Yesterday was probably the worst day I’ve experienced since my mom’s passing. I anticipated it as such but didn’t expect that she would be on my mind— every single moment of the day.
My mom loved Mother’s Day— but hated when I sent her cut flowers. It was a waste of money she would tell me, adding that she didn’t need flowers to feel special.
“But if you insist, get me a potted plant since it will live longer and I can replant it,” she’d add with a wink. She really did love the flowers, but didn’t want me “wasting” my money on them.
Looking back and trying to turn sadness into something positive, I spent Mother’s Day recalling the wonderful times I had with my mom.
The summers in Greece with my grandparents— always insisting that we get out of school a few days early to get the lower fares that went up in June.
The Wednesday night Greek dance classes. The lessons of fasting every year during lent. The scolding of my brother and I when we chatted in Church, or played with bread at the dinner table and Mae bread balls and threw them at each other.
Bread is from Christ, she would say, and it’s a sin to disrespect bread.
As I grew older I knew there wasn’t a commandment that stated “Thou Shall Not Play With Bread at the Dinner Table” but I realized it was her way of teaching me respect.
Looking back, I think the greatest gift my mom gave me, however, was putting me in the white skirt— aka the foustanella— when I was a toddler.
Of course I don’t mean this literally— but more like what that skirt represented to me and why my mom insisted I wear it year after during Greek festivals at church and March 25th performances.
I dreaded that skirt and was always terrified that some of my “American friends” would stumble across our Greek Festival and see me wearing it.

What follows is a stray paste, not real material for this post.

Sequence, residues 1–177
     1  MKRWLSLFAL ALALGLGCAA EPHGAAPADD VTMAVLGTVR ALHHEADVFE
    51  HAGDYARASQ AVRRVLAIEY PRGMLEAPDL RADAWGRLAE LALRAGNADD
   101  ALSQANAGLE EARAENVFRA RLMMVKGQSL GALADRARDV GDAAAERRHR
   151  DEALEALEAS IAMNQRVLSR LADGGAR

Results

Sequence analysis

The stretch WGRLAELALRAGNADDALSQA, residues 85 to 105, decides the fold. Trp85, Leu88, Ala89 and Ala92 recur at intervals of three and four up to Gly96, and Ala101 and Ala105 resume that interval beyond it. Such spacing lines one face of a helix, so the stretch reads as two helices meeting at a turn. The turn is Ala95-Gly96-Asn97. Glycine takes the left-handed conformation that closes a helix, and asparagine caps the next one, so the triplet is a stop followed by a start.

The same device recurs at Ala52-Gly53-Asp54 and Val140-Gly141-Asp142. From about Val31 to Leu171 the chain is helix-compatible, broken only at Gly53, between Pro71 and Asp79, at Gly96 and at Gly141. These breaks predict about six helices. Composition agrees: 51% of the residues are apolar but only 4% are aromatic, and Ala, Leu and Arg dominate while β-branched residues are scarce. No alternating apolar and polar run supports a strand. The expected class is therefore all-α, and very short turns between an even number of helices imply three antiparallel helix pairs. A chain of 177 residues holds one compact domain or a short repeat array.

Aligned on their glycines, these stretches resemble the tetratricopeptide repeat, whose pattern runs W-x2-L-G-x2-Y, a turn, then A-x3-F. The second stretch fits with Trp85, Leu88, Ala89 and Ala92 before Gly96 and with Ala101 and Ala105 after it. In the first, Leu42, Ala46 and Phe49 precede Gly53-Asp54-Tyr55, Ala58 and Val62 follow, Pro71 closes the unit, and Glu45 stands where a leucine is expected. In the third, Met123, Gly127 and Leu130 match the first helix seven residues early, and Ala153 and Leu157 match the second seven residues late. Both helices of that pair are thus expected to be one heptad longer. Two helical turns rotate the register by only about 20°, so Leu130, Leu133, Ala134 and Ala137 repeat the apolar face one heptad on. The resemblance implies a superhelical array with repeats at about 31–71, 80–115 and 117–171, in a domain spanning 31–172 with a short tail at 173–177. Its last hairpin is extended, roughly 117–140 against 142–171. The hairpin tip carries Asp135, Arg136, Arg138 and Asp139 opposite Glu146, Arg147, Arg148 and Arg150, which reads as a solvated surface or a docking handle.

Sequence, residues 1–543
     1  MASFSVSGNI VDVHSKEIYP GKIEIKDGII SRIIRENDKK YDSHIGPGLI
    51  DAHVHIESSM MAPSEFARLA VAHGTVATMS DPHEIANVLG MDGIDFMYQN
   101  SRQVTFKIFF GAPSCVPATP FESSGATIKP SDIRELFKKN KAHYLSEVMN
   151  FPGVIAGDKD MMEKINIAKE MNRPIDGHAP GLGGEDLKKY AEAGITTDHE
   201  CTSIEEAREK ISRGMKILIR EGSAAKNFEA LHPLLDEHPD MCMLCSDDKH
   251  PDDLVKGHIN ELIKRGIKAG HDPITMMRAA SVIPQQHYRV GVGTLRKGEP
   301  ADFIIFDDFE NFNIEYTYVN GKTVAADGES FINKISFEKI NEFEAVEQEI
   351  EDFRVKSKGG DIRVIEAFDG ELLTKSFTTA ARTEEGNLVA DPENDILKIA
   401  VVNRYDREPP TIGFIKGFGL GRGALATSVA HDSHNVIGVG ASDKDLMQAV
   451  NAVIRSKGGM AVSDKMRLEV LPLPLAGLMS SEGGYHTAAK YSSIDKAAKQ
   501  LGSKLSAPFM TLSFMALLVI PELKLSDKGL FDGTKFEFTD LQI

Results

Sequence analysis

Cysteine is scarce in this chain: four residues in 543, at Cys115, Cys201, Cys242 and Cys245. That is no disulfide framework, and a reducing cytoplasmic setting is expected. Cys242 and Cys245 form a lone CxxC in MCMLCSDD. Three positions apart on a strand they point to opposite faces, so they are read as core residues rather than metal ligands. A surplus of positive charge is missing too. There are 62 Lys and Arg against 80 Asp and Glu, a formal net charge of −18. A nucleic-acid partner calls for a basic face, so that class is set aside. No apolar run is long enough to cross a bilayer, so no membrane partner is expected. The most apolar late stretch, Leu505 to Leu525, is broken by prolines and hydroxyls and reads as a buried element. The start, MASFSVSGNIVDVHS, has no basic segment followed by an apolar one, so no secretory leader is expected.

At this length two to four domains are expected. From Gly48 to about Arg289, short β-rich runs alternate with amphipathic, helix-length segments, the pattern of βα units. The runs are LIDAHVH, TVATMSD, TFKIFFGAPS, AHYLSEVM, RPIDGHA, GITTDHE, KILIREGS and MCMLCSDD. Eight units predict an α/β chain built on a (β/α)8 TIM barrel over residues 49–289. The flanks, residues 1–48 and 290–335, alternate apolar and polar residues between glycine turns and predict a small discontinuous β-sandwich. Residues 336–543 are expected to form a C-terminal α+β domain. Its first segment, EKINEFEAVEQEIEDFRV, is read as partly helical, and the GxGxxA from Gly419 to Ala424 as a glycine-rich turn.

But as I grew older, and especially now, I realized that the skirt represented the values and ideals that my mom instilled in me that came with the “responsibility” of being Greek.
Because my mom always reminded me that it was a responsibility and a burden that we carried on our shoulders— to uphold the values of our heritage, to maintain our ancient traditions and to be faithful Greek Orthodox Christians.
From as young as I can remember, she taught me the meaning of humanity and treating all people— black, white, gay, straight, Republican or Democrat— all equally.
She instilled in me the significance of service and philanthropy and always reminded me that someone out there didn’t have the Christmas holidays and presents that I had… that many young kids my age didn’t have the abundance that I had.
Most importantly my mom taught me that I should treat others how I wanted to be treated. Zero judgement— ever.
Rest In Peace mom and Happy Mother’s Day. And thank you for putting me in that white skirt.
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